Internationally, emerging markets are not as strong as had been hoped for, and the demand for commodities remains tepid, slowing commodity-driven economies, such as Brazil. Europe, having stabilized, seems to be growing at a very modest pace and possibly still faces some banking issues. These factors have not been reflected sufficiently in valuations for companies outside the U.S., in our opinion. Accordingly, we remain underweight international strategies, but are watching closely for any signs of significant economic improvement or more compelling valuations.
The combination of Washington dysfunction, eventual Fed tapering, weaker emerging markets, slow employment growth, and a solid housing recovery coupled with modest inflation makes for an interesting investment environment. This should auger well for investment in companies that can generate revenue and earnings growth while growing free cash flow. The unsettling factors keep us somewhat skewed towards our defensive equity strategies (one of which continues to perform better than its benchmark for the sixth year in a row, while the other ranks in the top 10% of large-cap investment strategies since its inception based on the PSN database), while still maintaining a meaningful exposure to traditional equities. This seems to be the right path while continuing our modest fixed-income exposure until rates are more compelling. We still believe that corporate earnings are growing thereby supporting equity investing, and stock market skepticism, along with low-returning bonds and cash, should ultimately give way to greater allocations to equities. This could provide the next leg up in the equity markets.
As you know, some of our strategies utilize among best of breed outside managers. We meet and or speak with them on a quarterly basis. Most recently, one of our small-cap growth managers came to visit us from Minneapolis. This manager has a great record and they are seasoned veterans. The point we would like to share with you is our continued amazement at the great companies that are spawned in our country. This manager’s portfolio consists of about 50 companies, virtually none of which one would know by name, that are growing robustly and have great future growth potential. When one views these as business investments and not just stock symbols, they take on an added dimension. We and the outside managers we work with continue to find such opportunities for you.
Finding value in bonds, stocks, or private investments is a very necessary pursuit for us as investors (and remember, we invest side by side with you in all strategies except bonds, which are personalized for each client). We as professionals spend the majority of our time doing that for our clients. It requires skill, time, experience, and judgment. We remain committed to that process on your behalf and believe that you, as our clients, will have the opportunity to grow your net worth while we never lose sight of preserving your capital.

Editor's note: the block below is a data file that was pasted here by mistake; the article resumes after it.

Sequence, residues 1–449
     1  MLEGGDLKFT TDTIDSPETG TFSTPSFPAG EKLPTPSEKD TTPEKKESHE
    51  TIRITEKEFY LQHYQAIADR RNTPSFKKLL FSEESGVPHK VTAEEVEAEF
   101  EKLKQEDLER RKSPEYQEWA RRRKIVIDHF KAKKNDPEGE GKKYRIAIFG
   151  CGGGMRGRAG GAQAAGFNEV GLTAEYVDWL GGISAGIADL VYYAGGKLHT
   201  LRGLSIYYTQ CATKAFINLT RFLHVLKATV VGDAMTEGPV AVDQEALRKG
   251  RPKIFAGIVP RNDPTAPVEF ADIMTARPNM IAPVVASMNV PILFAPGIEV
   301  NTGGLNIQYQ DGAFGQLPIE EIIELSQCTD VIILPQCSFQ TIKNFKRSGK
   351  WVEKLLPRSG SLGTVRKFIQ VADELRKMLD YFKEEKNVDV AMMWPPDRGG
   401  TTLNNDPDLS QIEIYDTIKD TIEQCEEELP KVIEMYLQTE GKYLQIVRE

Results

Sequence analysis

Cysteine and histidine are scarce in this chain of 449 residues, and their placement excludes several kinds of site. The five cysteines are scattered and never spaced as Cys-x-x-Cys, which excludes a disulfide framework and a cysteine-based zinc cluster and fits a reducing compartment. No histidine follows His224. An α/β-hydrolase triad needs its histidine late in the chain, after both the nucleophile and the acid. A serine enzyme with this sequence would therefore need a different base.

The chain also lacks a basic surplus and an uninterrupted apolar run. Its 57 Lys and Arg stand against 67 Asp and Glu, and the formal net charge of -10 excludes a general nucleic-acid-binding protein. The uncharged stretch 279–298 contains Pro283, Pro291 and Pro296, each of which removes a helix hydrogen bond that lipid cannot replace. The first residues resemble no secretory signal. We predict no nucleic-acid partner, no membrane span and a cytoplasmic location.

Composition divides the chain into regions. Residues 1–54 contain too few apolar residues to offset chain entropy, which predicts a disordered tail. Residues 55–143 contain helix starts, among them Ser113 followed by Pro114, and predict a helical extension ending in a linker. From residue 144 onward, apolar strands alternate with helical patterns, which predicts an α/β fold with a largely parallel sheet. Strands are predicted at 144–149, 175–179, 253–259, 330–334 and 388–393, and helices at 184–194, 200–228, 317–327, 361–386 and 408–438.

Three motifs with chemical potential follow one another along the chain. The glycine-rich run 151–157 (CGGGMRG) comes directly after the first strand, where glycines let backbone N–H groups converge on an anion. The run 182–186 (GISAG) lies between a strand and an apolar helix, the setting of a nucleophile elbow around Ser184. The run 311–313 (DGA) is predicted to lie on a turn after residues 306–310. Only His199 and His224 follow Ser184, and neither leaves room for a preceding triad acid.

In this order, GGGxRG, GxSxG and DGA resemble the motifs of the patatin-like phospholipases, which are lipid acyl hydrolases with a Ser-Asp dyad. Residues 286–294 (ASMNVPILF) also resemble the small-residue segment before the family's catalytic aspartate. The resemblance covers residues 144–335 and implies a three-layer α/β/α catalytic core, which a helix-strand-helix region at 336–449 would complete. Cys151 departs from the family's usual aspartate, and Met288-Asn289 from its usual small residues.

Please call us with any questions you might have. As a reminder, our Thought Leadership Series continues on November 12th at The Garden City Hotel. Stuart Rabinowitz, the President of Hofstra University, will be our guest speaker. He will discuss the future of private higher education. This is a very hot topic being discussed around the country, including by President Obama. We are also very pleased to announce that we are celebrating our thirtieth anniversary this month, and we will make special note of that at our seminar (including a useful give away). Please join us if you can. (Please RSVP to Lisa@fliinvestors.com.)
Robert D. Rosenthal
Chief Executive Officer
Ralph F. Palleschi
Chief Operating Officer
*The forecast provided above is based on the reasonable beliefs of First Long Island Investors, LLC and is not a guarantee of future performance. Actual results may differ materially. Past performance statistics may not be indicative of future results.
Disclaimer: The views expressed are the views of Robert D. Rosenthal and Ralph F. Palleschi through the period ending September 30, 2013, and are subject to change at any time based on market and other conditions. This is not an offer or solicitation for the purchase or sale of any security and should not be construed as such. References to specific securities and issuers are for illustrative purposes only and are not intended to be, and should not be interpreted as, recommendations to purchase or sell such securities.